Right from Shah Rukh Khan’s antics on stage to a high dose of statistics and great insights, the first day of AdAsia 2011 was intense, and if any further proof was required, the shortage of seating in the session halls and the packed media lounge made up for it.
The opening ceremony, the event anthem and the flag hoisting impressed the foreign delegates, but industry stalwarts could not help comparing the event to the one hosted in 2003. The apparent feedback, though people were not exactly saying it on-record, was that although the content of 2011 was highly relevant and the event had scale, the “super-content” (hospitality, ambience, sightseeing and the overall experience as quoted by I&B Minister Ambika Soni) of 2003 could not be matched.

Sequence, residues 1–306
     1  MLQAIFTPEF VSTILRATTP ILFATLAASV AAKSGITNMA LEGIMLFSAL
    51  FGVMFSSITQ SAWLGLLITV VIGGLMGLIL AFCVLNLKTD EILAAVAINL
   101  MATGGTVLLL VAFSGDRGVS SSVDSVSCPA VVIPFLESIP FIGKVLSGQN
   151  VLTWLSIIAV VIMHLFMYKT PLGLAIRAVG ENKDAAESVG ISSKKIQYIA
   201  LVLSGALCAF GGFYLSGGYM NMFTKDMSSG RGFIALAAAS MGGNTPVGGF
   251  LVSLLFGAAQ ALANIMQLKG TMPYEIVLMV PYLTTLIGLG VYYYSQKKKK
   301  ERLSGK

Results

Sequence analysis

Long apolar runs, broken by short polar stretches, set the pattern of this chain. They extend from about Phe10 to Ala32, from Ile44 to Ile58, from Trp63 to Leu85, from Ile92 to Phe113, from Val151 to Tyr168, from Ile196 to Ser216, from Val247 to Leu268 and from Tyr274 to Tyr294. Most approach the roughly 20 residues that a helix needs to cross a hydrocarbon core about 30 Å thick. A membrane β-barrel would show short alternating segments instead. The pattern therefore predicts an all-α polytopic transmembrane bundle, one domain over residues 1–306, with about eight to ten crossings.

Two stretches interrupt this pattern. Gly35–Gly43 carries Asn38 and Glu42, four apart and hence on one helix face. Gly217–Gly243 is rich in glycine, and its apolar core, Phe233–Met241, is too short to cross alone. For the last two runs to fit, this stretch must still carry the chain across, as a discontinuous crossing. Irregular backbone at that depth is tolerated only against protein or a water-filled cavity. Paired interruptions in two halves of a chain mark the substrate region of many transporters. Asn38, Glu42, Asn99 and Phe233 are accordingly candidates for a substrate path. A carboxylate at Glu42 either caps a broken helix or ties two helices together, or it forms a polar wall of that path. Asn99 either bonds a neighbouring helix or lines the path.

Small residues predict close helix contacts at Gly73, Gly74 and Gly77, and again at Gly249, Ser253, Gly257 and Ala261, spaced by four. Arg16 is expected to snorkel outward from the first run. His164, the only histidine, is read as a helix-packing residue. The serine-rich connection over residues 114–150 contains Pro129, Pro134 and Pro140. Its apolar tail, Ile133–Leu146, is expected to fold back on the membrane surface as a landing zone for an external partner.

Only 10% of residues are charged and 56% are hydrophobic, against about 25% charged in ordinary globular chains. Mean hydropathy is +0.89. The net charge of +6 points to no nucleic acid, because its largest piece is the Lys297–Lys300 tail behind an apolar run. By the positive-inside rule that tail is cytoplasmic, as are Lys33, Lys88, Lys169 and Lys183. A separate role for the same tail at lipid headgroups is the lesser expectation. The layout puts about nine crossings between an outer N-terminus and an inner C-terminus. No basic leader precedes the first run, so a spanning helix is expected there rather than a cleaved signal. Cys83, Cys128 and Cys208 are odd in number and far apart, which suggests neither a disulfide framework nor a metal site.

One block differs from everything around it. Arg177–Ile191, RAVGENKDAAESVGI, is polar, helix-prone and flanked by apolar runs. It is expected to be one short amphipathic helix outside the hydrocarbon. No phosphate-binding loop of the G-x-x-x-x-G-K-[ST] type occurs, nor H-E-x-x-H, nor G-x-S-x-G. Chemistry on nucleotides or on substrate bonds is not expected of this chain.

Well, Jaipur had its own charm, but one cannot deny that the scale and structure with which the New Delhi event is organised, is commendable. Much has changed since 2003 as well -- social media had not taken over the Adlanders like it has today; it did not have delegates tweeting; it was not as viral; people were not so connected and exposed to real time information and the most important difference was that India was still becoming an important market in 2003. Today, conversations have moved on to which the next growth markets are and how Indian companies are taking over the West.
One paradox apparent from the show was that even though almost all sessions touched upon the point of India’s young and growing economy, it was hard to see the key Next-Gen of the Indian advertising industry in the audience. Quoting KV Shridhar of DraftFCB Ulka, “the gathering is such that if you throw a stone, it will hit a legend.”
Are we missing something there? Is the conference sharing and discussing the future trends with past leaders? Where are the next decision makers of the industry?